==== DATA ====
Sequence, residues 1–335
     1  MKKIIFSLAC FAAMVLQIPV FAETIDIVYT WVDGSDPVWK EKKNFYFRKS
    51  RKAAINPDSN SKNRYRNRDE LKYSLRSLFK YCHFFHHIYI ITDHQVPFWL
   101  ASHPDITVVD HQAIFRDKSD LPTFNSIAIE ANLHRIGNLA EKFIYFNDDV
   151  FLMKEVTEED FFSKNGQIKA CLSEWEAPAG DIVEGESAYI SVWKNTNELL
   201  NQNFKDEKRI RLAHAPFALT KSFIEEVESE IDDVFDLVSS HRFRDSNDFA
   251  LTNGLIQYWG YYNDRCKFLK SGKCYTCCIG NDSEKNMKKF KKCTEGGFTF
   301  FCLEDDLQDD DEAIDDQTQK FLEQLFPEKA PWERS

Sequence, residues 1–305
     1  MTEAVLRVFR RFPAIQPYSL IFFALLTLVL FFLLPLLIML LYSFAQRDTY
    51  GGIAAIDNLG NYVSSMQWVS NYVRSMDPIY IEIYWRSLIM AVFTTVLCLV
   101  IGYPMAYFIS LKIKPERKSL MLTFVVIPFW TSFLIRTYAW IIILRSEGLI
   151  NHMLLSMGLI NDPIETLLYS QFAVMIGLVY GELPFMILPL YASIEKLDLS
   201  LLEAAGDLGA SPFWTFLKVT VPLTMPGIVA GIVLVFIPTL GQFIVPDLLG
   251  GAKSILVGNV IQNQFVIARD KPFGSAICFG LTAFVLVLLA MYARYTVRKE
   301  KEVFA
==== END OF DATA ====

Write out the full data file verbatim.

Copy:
Sequence, residues 1–335
     1  MKKIIFSLAC FAAMVLQIPV FAETIDIVYT WVDGSDPVWK EKKNFYFRKS
    51  RKAAINPDSN SKNRYRNRDE LKYSLRSLFK YCHFFHHIYI ITDHQVPFWL
   101  ASHPDITVVD HQAIFRDKSD LPTFNSIAIE ANLHRIGNLA EKFIYFNDDV
   151  FLMKEVTEED FFSKNGQIKA CLSEWEAPAG DIVEGESAYI SVWKNTNELL
   201  NQNFKDEKRI RLAHAPFALT KSFIEEVESE IDDVFDLVSS HRFRDSNDFA
   251  LTNGLIQYWG YYNDRCKFLK SGKCYTCCIG NDSEKNMKKF KKCTEGGFTF
   301  FCLEDDLQDD DEAIDDQTQK FLEQLFPEKA PWERS

Sequence, residues 1–305
     1  MTEAVLRVFR RFPAIQPYSL IFFALLTLVL FFLLPLLIML LYSFAQRDTY
    51  GGIAAIDNLG NYVSSMQWVS NYVRSMDPIY IEIYWRSLIM AVFTTVLCLV
   101  IGYPMAYFIS LKIKPERKSL MLTFVVIPFW TSFLIRTYAW IIILRSEGLI
   151  NHMLLSMGLI NDPIETLLYS QFAVMIGLVY GELPFMILPL YASIEKLDLS
   201  LLEAAGDLGA SPFWTFLKVT VPLTMPGIVA GIVLVFIPTL GQFIVPDLLG
   251  GAKSILVGNV IQNQFVIARD KPFGSAICFG LTAFVLVLLA MYARYTVRKE
   301  KEVFA